Against this backdrop, this paper argues failure to examine wider structural issues within the organizations and focusing only on the offenders can leave Information Systems (IS) vulnerable. Therefore, it is significant that organizations understand the very complex nature of computer fraud and the changing environment of organizations today that leads to disregard or inadequacies for basic IS security controls (Audit Commission 2005). With some exceptions, most traditional studies on managing computer fraud adopt a functionalistic viewpoint thus failing to recognize that ‘suitable opportunities’ within organizations arise in and as a consequence of daily activities within the working environment of an organization. This is because management mostly relies on technical solutions while trying to combat computer fraud. Given that Organizations today, do not follow a strict hierarchical structure, therefore, just relying on technical solutions organizations seems an inapt approach (Parker 1998; von Solms 2001).From this viewpoint, IS security researchers emphasis the importance of ‘human factors’ when dealing with management of computer fraud (for example, see Hitchings 1995, 1996; Dhillon 1997; Kesar and Rogerson 1998; Dhillon and Backhouse 2001; Siponen 2001; Stanton et al. 2005; Kesar 2005).
In criminology studies, researchers such as Clarke and Cornish (2000) assert that offenders are influenced by three main groups of variables: Background Factors; Current Life Circumstances; Situational Variables. This assertion provides a useful insight while understanding the underlying reasons for the occurrence of computer fraud. Keeping this in mind, this paper looks at two cases that involved a single ‘trusted’ trader circumventing security breaches to engage in computer fraud (input). Ironically, both the cases are similar yet occurred 13 years apart. The first case, Barings Bank occurred in 1995, whereas the second case occurred this year at the Société Général bank. It takes the support of the Crime Specific Opportunity Structure (CSOS) model by Willison (2000a, 2000b, 2002) to demonstrate how working environment within each bank may have provided ‘suitable opportunities’ to the offenders to engage in computer fraud. The CSOS model originates from a new school of thought, Situational Crime Prevention (SCP), which incorporates dispositional variables of traditional criminology (Clarke 1997). The conceptual model, CSOS, demonstrates interactions between the degree of guardianship, the targets, offender and facilitators, which warrant a viable opportunity in terms of perceived risks, effort and rewards. Using CSOS as a theoretical framework for specific crimes will enhance our understanding of a various factors that underpin the causes of such intentional illicit acts within organizations. Moreover, the increasing sophistication in both technology and IS users in today’s networked organization makes it vital that organizations understand the underlying reasons for the occurrence of the problem of computer fraud, particularly those committed by ‘trusted’ employees. This is because a flawed understanding about IS systems security will afford little scope for developing effective solutions for managing threats like computer fraud committed by employees. This paper significantly contributes to the limited existing research within IS security by diverting from the ‘narrow and technical perspective’ traditionally taken in this context. Hence, it takes into account wider organizations structure issues rather than just focus on the offender alone to understand computer fraud from a criminological perspective.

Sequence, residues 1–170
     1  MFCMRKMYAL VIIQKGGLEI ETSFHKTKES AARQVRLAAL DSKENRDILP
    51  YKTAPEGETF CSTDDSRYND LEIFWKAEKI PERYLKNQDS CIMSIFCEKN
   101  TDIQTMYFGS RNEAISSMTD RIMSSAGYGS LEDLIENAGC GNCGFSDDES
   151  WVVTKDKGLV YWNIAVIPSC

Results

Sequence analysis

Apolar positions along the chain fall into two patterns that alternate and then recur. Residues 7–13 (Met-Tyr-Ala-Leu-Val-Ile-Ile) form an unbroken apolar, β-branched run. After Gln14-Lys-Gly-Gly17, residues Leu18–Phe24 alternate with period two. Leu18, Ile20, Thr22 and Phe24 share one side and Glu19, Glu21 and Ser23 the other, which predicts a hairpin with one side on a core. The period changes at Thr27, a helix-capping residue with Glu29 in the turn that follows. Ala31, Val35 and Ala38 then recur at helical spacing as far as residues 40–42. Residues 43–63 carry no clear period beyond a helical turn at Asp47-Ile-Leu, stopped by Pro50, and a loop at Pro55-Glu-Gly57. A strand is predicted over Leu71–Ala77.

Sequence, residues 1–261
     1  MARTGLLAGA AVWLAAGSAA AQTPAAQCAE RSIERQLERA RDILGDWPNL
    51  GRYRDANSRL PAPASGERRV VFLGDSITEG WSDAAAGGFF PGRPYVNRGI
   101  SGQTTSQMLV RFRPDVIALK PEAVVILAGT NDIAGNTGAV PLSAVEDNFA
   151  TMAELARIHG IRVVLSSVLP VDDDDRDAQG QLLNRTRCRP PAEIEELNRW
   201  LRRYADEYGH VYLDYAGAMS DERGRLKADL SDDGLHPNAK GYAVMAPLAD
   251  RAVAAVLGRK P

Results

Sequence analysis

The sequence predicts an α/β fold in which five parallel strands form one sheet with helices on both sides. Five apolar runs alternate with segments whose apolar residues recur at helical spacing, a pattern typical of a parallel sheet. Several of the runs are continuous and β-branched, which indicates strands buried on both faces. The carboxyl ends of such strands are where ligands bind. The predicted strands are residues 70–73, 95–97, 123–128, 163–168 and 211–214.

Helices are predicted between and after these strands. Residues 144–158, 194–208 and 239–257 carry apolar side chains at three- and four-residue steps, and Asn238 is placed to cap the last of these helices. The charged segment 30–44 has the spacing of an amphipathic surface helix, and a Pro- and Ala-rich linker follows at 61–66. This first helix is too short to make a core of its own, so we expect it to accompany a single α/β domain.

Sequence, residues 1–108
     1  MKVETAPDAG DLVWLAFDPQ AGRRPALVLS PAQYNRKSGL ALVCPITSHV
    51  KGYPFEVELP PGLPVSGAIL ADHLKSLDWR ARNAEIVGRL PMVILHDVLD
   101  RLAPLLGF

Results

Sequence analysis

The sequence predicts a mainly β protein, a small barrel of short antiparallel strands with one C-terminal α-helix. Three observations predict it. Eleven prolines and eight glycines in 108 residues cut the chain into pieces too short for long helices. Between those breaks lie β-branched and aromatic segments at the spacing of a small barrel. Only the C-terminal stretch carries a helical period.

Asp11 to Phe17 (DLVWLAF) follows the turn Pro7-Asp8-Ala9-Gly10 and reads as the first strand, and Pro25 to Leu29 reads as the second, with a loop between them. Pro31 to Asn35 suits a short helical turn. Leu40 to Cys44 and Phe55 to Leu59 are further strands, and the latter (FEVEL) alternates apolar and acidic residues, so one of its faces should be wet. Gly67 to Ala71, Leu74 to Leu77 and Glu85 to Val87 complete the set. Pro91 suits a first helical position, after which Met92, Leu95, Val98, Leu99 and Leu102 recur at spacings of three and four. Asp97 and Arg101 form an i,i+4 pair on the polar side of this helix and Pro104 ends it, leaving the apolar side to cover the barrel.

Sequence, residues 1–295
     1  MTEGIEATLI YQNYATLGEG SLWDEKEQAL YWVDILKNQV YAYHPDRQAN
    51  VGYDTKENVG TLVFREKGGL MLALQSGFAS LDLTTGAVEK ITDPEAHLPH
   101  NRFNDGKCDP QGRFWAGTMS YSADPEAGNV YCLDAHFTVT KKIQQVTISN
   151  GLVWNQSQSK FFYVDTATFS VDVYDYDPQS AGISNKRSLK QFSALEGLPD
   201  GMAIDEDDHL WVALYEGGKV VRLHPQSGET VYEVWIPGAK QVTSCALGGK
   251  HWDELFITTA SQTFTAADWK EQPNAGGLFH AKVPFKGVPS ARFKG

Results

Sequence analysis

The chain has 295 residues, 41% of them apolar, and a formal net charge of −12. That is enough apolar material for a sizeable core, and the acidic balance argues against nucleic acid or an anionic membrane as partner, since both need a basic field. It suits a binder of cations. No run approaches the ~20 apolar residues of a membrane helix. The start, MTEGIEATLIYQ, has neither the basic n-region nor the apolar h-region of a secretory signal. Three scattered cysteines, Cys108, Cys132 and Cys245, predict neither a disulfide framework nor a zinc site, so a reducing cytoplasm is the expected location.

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i Source: http://www.businessweek.com/ap/financialnews/D8UCCE4O1.htm (date of access January 23, 2008).
ii Source: http://news.bbc.co.uk/1/hi/business/7206270.stm (date of access January 25, 2008).
iii Source: http://news.bbc.co.uk/1/hi/business/7206270.stm (fate of access January 22, 2008).
iv Source: http://www.guardian.co.uk/business/2008/jan/24/creditcrunch.banking/ (Date of access January 24, 2008). Also see http://www.forbes.com/feeds/ap/2008/02/06/ap4623008.html